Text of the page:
Psoriasis is a chronic autoimmune disease that causes skin cells to reproduce faster than normal. This causes patches of skin to become scaly and inflamed.Psoriasis is chronic, meaning it is a long-lasting disease. Certain treatments can improve your skin and help prevent flares, however. Your skin can become resistant to treatments over time, so you may need to switch treatments periodically.
If you have psoriasis, you are more likely to get some other conditions, including:
· Psoriatic Arthritis a condition that causes joint pain and swelling.
· Cardiovascular problems, which affect the heart and blood circulation system.
· High blood pressure.
What is Psoriatic arthritis?
Psoriatic arthritis is a form of arthritis (joint inflammation) that can occur in people who have psoriasis (scaly red and white skin patches).What happens in psoriatic arthritis?
Psoriatic arthritis affects the joints, and areas where muscles and ligaments attach to bone. Typically, skin disease precedes the arthritis, sometimes by several years. In some cases, arthritis occurs first.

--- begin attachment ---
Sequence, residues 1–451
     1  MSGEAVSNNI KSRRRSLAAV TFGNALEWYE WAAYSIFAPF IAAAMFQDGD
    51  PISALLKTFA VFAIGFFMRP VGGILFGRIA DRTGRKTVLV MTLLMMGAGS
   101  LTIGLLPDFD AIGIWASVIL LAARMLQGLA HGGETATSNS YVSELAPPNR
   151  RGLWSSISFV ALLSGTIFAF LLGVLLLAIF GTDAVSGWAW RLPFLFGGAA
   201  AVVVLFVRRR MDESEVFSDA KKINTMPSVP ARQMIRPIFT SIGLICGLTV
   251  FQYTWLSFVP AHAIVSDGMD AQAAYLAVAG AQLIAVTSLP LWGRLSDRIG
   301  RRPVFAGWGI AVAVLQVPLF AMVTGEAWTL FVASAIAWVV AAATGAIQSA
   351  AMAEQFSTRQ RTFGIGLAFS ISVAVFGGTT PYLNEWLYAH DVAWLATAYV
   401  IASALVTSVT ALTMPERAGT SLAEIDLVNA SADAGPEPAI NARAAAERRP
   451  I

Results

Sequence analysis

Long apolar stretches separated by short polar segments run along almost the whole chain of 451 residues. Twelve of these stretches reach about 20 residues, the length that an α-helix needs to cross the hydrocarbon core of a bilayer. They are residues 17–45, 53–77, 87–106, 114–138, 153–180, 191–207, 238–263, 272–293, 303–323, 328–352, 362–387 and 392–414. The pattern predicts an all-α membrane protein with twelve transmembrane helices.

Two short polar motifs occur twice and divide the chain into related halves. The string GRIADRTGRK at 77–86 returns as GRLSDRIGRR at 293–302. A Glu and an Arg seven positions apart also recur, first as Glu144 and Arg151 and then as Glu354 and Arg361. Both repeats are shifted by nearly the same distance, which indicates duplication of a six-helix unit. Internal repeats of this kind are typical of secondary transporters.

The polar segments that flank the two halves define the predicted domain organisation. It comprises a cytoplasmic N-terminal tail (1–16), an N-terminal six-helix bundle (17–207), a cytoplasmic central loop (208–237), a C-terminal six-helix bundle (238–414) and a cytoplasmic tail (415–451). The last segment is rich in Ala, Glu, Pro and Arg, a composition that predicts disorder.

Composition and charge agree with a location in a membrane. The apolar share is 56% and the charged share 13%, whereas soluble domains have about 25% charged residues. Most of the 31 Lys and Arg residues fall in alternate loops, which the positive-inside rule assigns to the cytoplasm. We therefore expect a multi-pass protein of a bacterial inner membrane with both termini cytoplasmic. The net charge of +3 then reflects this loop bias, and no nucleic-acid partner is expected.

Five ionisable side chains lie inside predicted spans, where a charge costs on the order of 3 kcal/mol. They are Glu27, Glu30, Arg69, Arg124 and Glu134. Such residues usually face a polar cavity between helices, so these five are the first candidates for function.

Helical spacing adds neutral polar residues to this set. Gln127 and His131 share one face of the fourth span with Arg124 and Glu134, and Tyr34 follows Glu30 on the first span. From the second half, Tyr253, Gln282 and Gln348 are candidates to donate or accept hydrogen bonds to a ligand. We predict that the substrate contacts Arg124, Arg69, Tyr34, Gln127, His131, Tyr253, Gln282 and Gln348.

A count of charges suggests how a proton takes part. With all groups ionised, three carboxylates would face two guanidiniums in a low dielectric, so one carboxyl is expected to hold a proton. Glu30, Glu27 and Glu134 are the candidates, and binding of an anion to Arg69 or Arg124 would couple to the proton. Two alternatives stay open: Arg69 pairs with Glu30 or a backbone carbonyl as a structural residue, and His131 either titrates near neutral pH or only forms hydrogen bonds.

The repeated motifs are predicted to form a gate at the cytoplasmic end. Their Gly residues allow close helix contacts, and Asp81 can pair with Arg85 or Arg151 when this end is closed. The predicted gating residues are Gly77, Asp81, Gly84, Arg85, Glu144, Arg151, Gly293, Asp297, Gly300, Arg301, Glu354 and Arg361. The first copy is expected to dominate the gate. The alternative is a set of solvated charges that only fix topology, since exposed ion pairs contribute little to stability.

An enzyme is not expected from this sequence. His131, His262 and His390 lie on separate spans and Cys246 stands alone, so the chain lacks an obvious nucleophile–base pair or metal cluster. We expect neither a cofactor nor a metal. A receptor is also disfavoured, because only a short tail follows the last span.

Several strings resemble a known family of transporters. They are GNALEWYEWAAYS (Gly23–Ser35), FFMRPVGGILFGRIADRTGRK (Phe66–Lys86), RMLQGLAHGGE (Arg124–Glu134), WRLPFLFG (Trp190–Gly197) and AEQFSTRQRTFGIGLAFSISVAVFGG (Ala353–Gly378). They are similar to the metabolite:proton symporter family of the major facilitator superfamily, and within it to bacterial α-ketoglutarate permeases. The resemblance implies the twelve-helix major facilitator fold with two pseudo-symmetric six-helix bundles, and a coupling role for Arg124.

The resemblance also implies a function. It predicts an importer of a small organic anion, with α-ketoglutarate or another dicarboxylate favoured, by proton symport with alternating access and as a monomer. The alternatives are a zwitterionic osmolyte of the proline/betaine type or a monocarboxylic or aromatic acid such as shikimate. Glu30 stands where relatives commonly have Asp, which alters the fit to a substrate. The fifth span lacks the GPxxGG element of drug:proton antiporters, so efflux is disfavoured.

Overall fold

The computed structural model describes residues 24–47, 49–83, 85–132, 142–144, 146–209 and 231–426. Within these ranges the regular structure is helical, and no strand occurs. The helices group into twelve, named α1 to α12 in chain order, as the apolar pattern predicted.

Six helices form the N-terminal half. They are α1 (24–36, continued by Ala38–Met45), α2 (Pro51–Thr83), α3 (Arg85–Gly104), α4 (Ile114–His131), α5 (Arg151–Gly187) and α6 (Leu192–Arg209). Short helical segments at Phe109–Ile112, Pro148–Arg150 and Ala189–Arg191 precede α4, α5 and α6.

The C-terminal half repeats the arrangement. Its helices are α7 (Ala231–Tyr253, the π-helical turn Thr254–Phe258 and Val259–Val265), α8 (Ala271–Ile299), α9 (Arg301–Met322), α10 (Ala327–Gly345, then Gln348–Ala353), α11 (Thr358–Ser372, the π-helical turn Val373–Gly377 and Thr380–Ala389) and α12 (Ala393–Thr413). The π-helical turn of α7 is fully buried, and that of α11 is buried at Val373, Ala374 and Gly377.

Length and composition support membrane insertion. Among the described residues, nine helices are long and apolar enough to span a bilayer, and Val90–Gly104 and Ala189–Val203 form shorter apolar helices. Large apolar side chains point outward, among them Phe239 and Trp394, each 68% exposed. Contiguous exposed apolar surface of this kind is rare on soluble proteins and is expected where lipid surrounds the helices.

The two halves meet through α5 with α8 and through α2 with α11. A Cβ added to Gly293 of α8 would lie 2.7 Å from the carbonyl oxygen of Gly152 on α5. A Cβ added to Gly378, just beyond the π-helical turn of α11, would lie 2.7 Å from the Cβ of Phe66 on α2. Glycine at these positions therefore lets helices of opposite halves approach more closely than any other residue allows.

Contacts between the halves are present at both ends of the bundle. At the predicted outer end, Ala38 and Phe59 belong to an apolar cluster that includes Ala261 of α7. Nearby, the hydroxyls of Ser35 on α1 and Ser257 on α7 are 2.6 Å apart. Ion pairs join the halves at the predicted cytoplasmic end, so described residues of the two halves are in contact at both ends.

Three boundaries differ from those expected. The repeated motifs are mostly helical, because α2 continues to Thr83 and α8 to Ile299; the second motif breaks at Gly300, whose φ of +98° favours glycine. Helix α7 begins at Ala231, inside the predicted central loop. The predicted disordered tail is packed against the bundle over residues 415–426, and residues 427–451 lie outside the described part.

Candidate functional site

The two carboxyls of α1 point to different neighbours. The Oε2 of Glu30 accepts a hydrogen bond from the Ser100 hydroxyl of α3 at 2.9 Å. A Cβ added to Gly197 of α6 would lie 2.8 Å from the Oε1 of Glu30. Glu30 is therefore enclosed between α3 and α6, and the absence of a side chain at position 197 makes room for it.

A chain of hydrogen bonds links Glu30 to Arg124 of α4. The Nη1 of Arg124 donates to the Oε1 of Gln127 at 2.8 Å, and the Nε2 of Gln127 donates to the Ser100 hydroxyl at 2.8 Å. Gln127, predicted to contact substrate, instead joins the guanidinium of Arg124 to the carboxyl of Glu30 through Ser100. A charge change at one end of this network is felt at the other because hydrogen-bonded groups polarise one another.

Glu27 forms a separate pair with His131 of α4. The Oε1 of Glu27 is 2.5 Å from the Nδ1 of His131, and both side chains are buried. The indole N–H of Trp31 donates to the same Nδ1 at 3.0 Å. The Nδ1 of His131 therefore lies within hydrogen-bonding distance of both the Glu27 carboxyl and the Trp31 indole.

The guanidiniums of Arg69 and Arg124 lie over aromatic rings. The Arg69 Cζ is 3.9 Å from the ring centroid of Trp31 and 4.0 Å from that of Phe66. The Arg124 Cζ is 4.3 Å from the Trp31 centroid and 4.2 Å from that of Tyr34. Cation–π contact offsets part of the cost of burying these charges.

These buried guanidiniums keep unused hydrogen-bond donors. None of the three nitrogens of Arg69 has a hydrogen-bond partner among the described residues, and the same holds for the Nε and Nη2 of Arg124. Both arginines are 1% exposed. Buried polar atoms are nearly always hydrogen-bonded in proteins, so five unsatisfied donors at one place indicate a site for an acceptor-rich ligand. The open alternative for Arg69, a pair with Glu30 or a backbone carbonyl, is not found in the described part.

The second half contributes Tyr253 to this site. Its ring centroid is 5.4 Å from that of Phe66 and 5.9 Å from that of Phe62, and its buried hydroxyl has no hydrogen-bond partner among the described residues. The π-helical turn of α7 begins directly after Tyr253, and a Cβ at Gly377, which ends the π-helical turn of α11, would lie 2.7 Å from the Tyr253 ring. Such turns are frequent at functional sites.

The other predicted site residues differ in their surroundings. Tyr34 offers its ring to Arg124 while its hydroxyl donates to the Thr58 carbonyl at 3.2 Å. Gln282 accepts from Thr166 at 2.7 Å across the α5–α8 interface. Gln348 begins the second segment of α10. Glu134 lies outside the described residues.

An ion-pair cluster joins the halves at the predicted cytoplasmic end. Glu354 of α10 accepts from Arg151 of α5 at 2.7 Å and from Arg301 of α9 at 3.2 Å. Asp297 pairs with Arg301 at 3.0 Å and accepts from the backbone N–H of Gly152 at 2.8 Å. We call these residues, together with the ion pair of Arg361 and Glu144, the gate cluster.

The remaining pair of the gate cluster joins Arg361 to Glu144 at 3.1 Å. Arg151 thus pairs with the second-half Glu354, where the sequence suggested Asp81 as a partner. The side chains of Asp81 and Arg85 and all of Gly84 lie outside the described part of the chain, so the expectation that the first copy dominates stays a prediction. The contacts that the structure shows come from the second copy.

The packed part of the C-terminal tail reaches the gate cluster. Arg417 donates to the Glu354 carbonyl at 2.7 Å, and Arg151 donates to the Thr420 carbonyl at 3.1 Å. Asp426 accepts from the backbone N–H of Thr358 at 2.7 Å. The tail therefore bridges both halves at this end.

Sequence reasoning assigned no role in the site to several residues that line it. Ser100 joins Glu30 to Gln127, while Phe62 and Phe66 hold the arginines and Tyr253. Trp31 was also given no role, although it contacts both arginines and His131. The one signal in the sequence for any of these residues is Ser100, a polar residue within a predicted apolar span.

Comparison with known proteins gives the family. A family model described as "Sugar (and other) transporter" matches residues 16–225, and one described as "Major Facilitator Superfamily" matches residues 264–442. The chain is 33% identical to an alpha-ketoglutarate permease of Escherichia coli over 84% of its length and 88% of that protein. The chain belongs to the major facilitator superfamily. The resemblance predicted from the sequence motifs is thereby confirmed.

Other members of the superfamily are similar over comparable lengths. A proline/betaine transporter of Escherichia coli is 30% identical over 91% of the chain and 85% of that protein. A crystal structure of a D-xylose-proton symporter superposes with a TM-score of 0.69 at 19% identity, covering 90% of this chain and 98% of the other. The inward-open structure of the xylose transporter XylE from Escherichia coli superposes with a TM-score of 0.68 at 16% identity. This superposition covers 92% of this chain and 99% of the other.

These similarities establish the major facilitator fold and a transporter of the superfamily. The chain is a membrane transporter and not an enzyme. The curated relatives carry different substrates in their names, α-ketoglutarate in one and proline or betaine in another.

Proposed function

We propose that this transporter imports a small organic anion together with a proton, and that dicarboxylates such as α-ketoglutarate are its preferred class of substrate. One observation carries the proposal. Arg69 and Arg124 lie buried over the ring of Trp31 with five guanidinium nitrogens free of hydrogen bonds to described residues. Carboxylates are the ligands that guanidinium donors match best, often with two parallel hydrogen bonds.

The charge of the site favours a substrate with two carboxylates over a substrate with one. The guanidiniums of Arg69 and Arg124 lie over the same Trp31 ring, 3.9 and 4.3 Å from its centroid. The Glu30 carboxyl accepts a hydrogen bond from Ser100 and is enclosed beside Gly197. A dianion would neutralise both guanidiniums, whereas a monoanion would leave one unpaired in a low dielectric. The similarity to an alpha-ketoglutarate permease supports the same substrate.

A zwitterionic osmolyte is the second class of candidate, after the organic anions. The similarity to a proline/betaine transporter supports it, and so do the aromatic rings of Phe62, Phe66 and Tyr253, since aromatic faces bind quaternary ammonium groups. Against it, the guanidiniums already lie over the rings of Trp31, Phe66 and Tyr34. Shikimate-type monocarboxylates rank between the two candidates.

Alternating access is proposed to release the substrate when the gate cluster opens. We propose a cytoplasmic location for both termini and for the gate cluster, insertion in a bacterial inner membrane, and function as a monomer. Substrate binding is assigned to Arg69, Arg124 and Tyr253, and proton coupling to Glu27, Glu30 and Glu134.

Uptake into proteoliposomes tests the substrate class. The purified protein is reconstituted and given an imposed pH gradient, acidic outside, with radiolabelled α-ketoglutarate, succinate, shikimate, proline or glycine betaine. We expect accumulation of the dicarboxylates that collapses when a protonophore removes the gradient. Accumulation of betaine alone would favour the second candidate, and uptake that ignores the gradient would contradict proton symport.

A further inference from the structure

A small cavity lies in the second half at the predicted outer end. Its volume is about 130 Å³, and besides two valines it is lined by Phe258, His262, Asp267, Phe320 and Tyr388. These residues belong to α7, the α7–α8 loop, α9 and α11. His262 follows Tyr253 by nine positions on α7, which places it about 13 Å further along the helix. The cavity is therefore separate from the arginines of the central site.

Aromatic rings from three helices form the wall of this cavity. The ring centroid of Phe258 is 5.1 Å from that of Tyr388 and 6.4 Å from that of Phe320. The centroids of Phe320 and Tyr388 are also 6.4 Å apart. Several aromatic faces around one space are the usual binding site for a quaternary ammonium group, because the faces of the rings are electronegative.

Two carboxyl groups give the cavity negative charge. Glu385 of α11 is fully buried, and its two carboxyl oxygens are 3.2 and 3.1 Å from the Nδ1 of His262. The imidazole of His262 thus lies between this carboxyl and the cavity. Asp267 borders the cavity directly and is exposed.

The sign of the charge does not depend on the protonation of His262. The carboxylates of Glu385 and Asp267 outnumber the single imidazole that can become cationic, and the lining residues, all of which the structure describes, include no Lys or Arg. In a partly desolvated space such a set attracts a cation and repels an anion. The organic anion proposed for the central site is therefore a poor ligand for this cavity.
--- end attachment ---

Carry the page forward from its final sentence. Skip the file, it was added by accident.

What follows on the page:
The joints most commonly affected are:
· The outermost joints of the fingers or toes.
· Lower back.
What is the treatment for Psoriatic Arthritis?
Treatment for psoriatic arthritis depends on its severity. Milder forms of the disease may be treated by:
· Nonsteroidal anti-inflammatory drugs (NSAIDs) are used to treat pain and inflammation. Ibuprofen and Naproxen, are available over the counter, whereas other NSAIDS are available by prescription only.
· Corticosteroids, strong inflammation-fighting drugs, may be injected directly into the affected joint(s).
Forms of the disease that are persistent or affect multiple joints may be treated by:
· Disease-modifying anti-rheumatic drugs (DMARDs) that slow or stop the immune system from attacking the joints and causing damage.
· Anti-tumor necrosis factor (TNF) agents.